AG Healey Secures $1.25 Million from Online Lender

LendingClub Corporation charged illegal rates for personal loans...

BOSTON — An online lending company will pay $1.25 million to resolve allegations that it charged excessive interest rates to Massachusetts borrowers in violation of state law, Attorney General Maura Healey announced today.

The assurance of discontinuance, filed in Suffolk Superior Court, alleges that LendingClub Corporation made personal loans to Massachusetts residents at interest rates that exceeded the cap set by the state’s Small Loan Statute, which regulates the terms of personal loans of $6,000 or less.

“Small loan companies promise to give people a way to consolidate and pay down debt or cover personal expenses,” said AG Healey. “These lenders must follow the law so borrowers aren’t charged excessive and illegal interest rates.”

This settlement will resolve allegations that since 2011, LendingClub charged unlawful interest rates on small loans made to certain Massachusetts residents where, although the “face amount” of the loan was more than $6,000, the actual amount disbursed to the borrower was $6,000 or less due to upfront loan origination fees, which ranged from 1 percent to 6 percent of the total loan amount. Because the actual amount disbursed to the borrower was $6,000 or less, the AG’s Office alleges that LendingClub charged interest to borrowers in excess of the maximum permitted rate. The Small Loan Statute defines “small loans” as those where the amount disbursed to the borrower is $6,000 or less, regardless of the loan’s “face amount” and sets an interest rate cap for such loans.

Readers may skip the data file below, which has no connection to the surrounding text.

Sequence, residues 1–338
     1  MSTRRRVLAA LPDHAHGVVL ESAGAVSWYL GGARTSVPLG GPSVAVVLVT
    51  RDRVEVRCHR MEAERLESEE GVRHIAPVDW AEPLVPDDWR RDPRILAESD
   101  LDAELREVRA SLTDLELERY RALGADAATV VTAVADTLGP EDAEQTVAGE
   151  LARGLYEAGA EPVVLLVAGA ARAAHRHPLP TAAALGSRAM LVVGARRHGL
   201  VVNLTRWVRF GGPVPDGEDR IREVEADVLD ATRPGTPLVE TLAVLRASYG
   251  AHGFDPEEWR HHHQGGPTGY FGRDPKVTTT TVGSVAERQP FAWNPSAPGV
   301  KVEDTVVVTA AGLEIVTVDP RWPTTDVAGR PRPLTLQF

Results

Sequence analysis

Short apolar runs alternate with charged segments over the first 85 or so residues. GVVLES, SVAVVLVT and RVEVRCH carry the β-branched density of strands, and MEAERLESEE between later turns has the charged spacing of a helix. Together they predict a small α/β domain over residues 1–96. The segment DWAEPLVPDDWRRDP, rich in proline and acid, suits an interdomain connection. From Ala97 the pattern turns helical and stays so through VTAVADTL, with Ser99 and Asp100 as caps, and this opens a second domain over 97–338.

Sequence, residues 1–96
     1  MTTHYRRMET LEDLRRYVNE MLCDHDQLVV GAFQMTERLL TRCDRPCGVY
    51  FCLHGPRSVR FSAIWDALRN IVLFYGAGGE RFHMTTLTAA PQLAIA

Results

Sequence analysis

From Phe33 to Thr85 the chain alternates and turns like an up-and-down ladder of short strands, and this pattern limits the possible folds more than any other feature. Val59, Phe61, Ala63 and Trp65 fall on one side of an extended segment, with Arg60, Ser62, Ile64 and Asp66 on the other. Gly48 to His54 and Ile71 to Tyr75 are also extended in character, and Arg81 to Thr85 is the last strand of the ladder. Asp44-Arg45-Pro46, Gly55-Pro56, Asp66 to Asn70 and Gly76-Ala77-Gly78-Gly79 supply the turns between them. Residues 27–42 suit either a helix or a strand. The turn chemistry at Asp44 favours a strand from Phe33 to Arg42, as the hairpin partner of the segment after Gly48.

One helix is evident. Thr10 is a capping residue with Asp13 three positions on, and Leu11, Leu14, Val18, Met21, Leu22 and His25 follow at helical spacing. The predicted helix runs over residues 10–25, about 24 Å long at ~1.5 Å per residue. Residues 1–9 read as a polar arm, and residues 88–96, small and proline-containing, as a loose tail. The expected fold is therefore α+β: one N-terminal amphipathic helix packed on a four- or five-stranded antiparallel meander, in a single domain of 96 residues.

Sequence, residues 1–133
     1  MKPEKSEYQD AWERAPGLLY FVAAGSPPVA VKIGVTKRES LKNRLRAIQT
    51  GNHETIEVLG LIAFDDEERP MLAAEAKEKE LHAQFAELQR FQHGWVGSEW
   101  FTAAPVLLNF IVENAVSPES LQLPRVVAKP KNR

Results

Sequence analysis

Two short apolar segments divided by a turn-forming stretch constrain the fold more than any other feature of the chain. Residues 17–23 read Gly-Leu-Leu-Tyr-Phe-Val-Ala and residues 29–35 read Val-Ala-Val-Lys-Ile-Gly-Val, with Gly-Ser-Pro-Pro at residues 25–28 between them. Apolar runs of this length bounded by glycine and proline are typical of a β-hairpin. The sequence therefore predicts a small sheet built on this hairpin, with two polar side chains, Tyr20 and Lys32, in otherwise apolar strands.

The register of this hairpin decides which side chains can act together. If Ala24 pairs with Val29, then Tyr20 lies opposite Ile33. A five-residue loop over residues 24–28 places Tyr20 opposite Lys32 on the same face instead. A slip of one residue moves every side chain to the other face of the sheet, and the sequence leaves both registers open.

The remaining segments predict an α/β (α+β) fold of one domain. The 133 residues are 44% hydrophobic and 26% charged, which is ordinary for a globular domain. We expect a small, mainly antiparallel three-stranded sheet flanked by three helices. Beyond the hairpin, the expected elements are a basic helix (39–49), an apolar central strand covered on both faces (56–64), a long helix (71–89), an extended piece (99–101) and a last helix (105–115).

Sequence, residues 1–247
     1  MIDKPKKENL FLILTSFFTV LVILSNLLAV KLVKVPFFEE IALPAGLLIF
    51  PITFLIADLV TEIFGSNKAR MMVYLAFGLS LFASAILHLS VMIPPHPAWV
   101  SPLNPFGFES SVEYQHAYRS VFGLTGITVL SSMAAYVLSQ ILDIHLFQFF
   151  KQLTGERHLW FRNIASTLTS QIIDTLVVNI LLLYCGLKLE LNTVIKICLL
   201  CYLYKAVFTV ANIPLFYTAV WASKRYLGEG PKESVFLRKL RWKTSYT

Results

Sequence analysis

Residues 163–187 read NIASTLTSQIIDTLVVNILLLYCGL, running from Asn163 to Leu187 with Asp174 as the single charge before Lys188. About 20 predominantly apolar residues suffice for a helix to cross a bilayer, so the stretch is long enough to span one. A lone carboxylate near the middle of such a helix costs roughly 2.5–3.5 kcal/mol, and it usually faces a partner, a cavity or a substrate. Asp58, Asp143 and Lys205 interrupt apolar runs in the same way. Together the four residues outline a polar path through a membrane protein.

Under the terms of this settlement, LendingClub will pay a total of $1.25 million to the Commonwealth and cease making small loans in Massachusetts with interest rates above the allowable rate cap.

LendingClub is the country’s largest online lending marketplace platform, connecting borrowers and investors, and allowing borrowers to obtain unsecured personal loans. LendingClub generates revenues through, among other things, transaction fees, loan servicing fees, and interest income.     

This matter was handled by Assistant Attorney General M. Claire Masinton, and Deputy Chief Arwen Thoman, both of Attorney General Healey’s Insurance and Financial Services Division.


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